From the 1960s through the ’80s, Polish posters were among the most innovative of any European or Asian nation–and the U.S. too–and in every genre of graphic design. Paradoxically, it was also an Iron Curtain country governed by strict dictates. But that’s why the art was so sly and symbolically astute. Getting under the censor’s radar was a national sport, doing so through theater and other cultural posters was the way to artistic freedom.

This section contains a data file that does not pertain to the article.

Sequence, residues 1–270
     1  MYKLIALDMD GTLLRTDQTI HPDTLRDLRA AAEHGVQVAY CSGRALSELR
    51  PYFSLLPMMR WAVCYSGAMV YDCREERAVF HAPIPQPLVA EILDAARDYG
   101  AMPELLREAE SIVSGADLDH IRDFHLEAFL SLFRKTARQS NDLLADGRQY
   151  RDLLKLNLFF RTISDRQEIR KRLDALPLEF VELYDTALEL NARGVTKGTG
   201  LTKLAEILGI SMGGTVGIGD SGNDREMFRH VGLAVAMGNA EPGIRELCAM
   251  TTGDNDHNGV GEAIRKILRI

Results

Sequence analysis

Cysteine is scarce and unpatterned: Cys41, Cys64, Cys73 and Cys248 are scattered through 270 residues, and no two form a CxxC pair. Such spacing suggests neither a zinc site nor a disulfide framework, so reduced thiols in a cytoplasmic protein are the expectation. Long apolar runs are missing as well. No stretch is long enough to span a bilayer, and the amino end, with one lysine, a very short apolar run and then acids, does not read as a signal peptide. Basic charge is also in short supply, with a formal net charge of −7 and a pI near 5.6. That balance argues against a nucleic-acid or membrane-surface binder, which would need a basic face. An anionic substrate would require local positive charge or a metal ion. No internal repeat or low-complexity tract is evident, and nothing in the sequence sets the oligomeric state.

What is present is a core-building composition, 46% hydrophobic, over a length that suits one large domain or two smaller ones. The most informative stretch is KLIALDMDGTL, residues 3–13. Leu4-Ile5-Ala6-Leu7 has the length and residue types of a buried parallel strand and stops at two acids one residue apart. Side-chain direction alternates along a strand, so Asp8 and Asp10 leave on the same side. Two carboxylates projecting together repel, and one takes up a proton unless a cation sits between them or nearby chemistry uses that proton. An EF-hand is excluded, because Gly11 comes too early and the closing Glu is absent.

To see many of these great images, some for the first time in years, including Tadeuz Trepkowski’s famous 1952 “Never” (above), Roman Cieslewicz’s 1963 “Friar Marek” (below), and Mieczyslaw Gorowski’s 1982 “The Police” (bottom), visit MoMA’s Polish Posters 1945-89 now through November 30. Organized by Juliet Kinchin and Aidan O’Connor.